“Congress can direct investment into these communities for the clean energy economy; manufacturing solar panels and wind turbines,” Jones told Truthout. “They can guarantee good family supporting jobs that we are going to need in perpetuity, instead of condemning their residents to more public health problems and more environmental degradation and more dependence on an industry that we know has to go out of business in the next couple of decades.”

Thanks to decades of grassroots activism in the environmental justice movement — and now the global climate emergency — these types of ideas are finally seeping into policymaking, at least among some leading Democrats.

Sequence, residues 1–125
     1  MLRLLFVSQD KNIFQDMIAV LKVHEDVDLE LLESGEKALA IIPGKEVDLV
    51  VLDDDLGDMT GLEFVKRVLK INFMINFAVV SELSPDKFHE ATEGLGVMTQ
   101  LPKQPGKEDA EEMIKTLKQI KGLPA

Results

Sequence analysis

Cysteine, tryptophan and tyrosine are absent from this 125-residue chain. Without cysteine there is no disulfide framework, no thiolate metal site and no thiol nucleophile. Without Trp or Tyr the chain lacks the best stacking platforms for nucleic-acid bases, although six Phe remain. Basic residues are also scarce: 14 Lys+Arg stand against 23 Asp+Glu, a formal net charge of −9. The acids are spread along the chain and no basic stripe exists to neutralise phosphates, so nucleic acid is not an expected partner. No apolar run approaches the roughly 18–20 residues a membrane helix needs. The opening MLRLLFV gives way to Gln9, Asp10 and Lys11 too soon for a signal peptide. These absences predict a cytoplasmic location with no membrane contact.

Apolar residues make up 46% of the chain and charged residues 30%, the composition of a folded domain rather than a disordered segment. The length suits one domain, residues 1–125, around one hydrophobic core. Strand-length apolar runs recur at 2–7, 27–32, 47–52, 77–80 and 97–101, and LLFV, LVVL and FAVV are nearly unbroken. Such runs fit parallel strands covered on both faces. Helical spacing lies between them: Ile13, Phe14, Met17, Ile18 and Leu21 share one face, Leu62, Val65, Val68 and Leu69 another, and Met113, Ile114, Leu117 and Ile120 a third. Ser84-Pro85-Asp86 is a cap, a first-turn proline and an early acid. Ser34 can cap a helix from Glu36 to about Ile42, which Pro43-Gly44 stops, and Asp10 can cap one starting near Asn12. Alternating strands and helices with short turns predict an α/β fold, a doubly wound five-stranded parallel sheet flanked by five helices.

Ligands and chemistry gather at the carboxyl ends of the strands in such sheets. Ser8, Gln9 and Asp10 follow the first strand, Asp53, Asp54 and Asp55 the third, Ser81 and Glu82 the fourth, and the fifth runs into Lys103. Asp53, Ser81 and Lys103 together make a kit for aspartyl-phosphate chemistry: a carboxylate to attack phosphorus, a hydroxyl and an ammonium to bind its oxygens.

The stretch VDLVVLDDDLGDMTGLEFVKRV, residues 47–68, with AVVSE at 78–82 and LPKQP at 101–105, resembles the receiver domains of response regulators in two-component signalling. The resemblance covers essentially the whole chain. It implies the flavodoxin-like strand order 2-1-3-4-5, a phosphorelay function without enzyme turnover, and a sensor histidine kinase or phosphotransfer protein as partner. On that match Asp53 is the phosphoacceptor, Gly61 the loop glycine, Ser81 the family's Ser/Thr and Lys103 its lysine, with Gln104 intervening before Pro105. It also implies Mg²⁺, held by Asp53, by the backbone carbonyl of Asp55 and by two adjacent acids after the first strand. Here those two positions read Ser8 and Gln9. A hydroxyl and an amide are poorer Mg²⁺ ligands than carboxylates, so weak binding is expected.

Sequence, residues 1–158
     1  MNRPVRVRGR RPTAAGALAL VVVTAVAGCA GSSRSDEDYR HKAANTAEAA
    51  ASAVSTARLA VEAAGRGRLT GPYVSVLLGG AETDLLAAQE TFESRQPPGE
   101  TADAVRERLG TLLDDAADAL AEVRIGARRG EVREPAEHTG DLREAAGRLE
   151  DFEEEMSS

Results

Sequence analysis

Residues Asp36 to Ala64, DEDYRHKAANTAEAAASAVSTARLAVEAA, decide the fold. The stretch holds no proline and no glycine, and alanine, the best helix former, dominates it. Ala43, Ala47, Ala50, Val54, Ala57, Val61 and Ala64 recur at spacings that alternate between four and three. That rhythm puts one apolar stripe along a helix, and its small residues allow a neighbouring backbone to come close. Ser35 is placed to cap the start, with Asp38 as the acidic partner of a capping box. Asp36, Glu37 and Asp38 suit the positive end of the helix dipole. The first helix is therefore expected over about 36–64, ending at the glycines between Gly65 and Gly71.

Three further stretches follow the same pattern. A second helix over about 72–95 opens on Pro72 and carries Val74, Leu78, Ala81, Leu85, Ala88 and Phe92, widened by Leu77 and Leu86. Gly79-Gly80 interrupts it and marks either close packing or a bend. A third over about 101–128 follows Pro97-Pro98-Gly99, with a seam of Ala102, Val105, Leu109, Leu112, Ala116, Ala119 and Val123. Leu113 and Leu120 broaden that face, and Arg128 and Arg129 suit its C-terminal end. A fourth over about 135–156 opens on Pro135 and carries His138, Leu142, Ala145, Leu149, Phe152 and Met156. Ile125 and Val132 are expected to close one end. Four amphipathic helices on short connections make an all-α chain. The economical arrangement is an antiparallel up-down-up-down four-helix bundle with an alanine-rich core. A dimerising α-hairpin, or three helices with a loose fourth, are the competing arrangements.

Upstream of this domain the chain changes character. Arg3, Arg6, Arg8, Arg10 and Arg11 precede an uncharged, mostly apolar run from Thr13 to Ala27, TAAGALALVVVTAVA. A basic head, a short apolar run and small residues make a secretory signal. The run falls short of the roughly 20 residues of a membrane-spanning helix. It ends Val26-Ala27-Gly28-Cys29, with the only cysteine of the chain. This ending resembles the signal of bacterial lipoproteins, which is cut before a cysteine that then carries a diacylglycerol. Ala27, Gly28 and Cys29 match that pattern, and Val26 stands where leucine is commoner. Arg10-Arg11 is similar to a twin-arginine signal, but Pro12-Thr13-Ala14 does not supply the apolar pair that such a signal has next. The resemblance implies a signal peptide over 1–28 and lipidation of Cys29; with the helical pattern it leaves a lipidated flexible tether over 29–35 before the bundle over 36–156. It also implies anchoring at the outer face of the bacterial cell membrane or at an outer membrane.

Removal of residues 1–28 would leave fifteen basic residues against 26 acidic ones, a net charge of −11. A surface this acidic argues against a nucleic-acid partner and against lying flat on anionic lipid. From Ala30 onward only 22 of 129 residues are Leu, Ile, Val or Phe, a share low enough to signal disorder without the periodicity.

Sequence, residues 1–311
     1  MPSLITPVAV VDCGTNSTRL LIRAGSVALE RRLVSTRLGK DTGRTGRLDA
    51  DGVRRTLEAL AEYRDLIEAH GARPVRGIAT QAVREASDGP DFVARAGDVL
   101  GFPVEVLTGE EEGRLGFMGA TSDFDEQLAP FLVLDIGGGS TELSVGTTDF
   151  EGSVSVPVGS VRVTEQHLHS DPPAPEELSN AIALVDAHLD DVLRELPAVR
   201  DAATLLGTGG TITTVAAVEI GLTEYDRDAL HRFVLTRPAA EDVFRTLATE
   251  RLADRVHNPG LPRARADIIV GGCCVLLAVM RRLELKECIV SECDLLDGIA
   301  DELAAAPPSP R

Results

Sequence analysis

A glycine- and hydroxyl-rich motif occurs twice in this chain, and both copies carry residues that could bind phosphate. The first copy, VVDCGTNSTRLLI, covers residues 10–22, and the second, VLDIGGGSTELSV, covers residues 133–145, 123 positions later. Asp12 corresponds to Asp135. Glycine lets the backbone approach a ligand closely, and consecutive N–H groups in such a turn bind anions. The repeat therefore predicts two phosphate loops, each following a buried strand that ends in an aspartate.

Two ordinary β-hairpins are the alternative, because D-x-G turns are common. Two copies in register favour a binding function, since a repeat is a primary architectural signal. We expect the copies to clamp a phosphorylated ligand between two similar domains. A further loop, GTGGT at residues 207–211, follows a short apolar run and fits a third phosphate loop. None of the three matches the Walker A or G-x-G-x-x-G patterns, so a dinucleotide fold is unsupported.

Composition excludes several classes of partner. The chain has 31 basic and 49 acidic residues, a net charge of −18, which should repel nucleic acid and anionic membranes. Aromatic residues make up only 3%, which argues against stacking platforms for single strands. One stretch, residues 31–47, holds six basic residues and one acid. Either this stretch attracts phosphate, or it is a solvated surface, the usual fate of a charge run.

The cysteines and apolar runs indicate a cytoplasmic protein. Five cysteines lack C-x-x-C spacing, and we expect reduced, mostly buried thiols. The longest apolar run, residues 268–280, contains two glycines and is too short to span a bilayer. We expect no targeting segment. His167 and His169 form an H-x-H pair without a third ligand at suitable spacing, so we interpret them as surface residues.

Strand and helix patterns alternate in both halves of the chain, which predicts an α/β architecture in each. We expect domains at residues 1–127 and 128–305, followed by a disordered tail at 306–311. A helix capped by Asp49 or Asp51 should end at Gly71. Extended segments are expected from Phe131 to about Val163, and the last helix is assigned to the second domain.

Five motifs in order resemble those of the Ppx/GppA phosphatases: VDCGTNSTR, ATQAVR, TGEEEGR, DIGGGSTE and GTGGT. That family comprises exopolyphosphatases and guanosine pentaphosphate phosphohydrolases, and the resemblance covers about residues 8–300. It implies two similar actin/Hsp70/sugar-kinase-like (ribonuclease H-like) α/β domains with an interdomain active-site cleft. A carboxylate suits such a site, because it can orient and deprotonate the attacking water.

Along with other Democratic presidential hopefuls, Senators Bernie Sanders and Elizabeth Warren promise massive investments in the nation’s most environmentally vulnerable communities. Sen. Cory Booker has introduced a sweeping bill to codify federal environmental justice programs and made the issue central to his campaign. Sen. Kamala Harris introduced legislation to tackle environmental racism and give front line climate communities a leadership role in building a Green New Deal.

Most recently, 150 House Democrats signed on to a bill with the goal of transitioning the U.S. to 100 percent “clean energy” by 2050, the deadline climate scientists have given to avert the worst impacts of climate change. According to a fact sheet, the legislation focuses on job creation and improving conditions for “low-income and rural communities, communities of color, Tribal and indigenous communities, deindustrialized communities, and other communities disproportionately impacted by climate change.”